Monday, November 07, 2005

Terrell Owens: That Sound You Hear is Your 15 Minutes of Fame Fading to Black

Finally, Andy Reid and the Philadelphia Eagles have done what should have been done years ago: they’ve dropped Terrell Owens like the bad apple that he is.

Let me just say here that I am not—NOT—a staunch devotee of the gridiron. I don’t live for Monday Night Football, I don’t track the Sunday schedule, I don’t bet on the games, I can only name a handful of players and most of them are retired (Steve Young, Joe Montana, Brett Favre, Jerry Rice, and what’s-his-name who was Catholic who played for BYU and then was quarterback for the Chicago Bears in the 80s and early 90s. Jim McMahon??) Any leaning or vague interest I show in football is the result of a friend who adores football and is the repository of football trivia that is nothing short of amazing and kind of scary.

However, when it comes to simpletons like “T.O.” I have to say, “good riddance.”

First of all, Owens strikes me as someone who is amazingly talented but whose chandelier is short a light bulb or two. There’s an aura of dumbness about him that I can’t fully explain, but I sense it every time I see him on television.

Secondly, this guy has a $49 million, multi-year contract with the Eagles and he still thinks it isn’t enough. Some of us—particularly those who buy tickets to the games he plays in—will never manage to make $2 million total in our lifetimes, let alone $49 million.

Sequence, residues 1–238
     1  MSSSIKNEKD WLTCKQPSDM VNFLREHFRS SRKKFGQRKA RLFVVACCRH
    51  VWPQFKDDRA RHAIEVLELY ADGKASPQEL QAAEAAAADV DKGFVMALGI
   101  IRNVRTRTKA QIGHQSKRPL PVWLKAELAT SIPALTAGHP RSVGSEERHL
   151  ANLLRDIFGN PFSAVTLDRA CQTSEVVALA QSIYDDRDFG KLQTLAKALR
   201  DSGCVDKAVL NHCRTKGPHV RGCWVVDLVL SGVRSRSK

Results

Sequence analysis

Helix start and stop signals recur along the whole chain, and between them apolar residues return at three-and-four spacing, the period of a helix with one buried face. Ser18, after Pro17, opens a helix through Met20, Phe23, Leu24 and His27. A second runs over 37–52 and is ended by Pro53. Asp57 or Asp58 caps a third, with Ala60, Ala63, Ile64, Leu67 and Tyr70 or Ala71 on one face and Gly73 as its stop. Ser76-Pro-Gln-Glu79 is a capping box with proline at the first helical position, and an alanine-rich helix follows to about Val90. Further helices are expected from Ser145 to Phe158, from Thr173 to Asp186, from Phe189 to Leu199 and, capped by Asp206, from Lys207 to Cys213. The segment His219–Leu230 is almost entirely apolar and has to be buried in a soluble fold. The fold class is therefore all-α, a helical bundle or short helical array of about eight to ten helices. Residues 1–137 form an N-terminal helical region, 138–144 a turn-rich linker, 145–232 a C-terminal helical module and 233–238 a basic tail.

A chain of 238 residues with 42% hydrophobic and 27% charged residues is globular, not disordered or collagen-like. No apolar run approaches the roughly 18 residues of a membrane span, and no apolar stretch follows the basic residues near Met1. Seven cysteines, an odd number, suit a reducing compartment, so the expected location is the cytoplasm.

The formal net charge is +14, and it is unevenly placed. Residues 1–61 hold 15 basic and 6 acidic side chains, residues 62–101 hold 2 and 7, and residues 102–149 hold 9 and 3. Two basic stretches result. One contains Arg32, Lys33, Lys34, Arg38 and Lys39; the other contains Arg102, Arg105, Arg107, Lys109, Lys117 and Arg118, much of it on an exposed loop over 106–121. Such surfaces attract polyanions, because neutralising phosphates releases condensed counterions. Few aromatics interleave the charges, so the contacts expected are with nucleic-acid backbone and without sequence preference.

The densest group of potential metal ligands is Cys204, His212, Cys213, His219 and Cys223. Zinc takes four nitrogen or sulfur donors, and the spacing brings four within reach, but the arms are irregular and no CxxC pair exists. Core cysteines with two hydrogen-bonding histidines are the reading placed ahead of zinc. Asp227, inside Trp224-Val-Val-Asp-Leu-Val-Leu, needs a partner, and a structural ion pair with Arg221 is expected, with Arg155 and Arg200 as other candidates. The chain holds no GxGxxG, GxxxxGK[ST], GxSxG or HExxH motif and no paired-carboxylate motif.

Thirdly, this is a guy with an ego so big, Teddy Roosevelt and John Muir couldn’t have set aside enough open space and wilderness to hold it. T.O. thinks he’s so important to the game that he runs off at the mouth about how it’s all about him, and the Eagles (or the Niners) won’t win unless he’s in the mix. He disparages his teammates in public and pisses and moans when the quarterbacks he has played under don't throw the ball to him as often as he'd like. He argues with his coaches and, in a fit of pique, insists that they not talk to them. His arrogance is unbridled and he behaves like a spoiled, undisciplined child.

What Owens needs is a good, long time-out. He needs to be sidelined. He needs to not be rewarded for his childish, arrogant behavior. He’s received exactly what his behavior deserves.

And here’s hoping he never graces the gridiron again.


Here's the article from AP.

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